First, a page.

RICHLAND — A Missouri native's lifelong dream was realized when he became part of the 2009 class of NASA astronauts, his fourth attempt since 1996.
Mike Hopkins, 40, is an Air Force lieutenant colonel who is currently special assistant to the vice chairman of the Joint Chiefs of Staff at the Pentagon.
NASA announced this past week that Hopkins, along with eight other candidates, was chosen from a nationwide applicant pool of 3,500 for its latest class of astronauts.
Hopkins grew up on his family's hog and cattle farm near Richland, southeast of the Lake of the Ozarks. He has a bachelor's degree in aerospace engineering from the University of Illinois, where he played on the football team. He later earned his master's degree at Stanford University.
His interested in space began during NASA missions in the 1980s while he was in high school.
"As long as I've known him, this has been his dream," his stepmother, Paula Hertwig Hopkins, said. "Every step of the way, he had his eye on the ball. I know him, I know his focus, and if anyone was going to pull this off, he could."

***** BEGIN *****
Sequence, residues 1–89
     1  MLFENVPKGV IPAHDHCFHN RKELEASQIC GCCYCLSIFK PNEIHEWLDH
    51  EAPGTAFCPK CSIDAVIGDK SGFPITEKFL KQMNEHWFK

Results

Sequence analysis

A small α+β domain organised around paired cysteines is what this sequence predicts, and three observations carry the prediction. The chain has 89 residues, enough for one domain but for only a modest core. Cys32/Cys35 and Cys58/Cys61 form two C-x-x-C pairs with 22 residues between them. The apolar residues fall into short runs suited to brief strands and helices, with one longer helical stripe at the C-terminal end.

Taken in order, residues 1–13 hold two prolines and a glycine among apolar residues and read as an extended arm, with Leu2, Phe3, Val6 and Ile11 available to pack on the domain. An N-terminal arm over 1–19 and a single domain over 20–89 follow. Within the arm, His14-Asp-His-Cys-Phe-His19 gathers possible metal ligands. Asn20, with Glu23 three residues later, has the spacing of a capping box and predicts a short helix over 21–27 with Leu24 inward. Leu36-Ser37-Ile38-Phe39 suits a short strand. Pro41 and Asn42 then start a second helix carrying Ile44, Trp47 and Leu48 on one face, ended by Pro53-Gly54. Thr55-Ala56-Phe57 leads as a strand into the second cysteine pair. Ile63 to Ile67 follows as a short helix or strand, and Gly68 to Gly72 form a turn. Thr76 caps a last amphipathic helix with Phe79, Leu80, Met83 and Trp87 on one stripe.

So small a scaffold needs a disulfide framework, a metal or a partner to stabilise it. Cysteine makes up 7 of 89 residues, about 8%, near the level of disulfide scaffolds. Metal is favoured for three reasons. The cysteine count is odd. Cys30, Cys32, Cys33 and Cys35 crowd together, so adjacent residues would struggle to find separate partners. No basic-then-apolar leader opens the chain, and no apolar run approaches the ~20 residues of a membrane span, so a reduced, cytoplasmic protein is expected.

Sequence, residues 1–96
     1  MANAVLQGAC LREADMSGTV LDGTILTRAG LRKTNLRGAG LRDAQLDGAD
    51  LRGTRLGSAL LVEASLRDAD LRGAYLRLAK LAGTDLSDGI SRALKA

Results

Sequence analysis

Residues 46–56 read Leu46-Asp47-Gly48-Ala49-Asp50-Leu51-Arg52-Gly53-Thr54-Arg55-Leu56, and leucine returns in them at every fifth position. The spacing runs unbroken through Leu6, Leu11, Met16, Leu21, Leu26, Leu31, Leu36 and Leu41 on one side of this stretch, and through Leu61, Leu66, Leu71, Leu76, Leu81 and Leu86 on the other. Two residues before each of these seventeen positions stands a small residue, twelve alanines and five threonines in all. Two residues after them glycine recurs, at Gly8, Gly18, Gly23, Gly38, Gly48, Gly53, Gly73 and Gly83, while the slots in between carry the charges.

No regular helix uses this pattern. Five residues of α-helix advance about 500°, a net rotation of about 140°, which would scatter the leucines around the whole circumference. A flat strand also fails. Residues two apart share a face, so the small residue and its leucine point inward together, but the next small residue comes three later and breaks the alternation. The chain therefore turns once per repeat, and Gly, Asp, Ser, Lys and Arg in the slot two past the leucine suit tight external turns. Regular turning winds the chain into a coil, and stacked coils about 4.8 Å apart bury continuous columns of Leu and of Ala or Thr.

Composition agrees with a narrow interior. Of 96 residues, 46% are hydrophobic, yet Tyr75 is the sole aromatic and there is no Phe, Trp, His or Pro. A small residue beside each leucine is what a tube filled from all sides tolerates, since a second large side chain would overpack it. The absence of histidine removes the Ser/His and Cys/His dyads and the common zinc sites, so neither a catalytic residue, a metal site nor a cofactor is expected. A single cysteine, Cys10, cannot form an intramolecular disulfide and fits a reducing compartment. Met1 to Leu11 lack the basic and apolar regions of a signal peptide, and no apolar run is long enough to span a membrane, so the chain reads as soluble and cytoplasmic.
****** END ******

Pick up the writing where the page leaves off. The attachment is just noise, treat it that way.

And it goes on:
Hopkins said the announcement was still sinking in.
"I knew it would be a long process," he said. "I'm just one of those types that will set my mind to it and keep applying until they tell me to stop."
Hopkins served in the Air Force in Albuquerque, N.M., where he married his wife, Julie. His first son was born in California as Hopkins was attending test pilot school.
Hopkins said he received a phone message at work from NASA representatives about his application and he knew that returning the call would bring good news.
When he arrived home, his sons "were jumping, yelling, and my youngest had this huge smile on his face and gave me a hug. It was fantastic."
The family plans to move to the Houston area so Hopkins can begin training. He will likely be eligible for missions in about five years.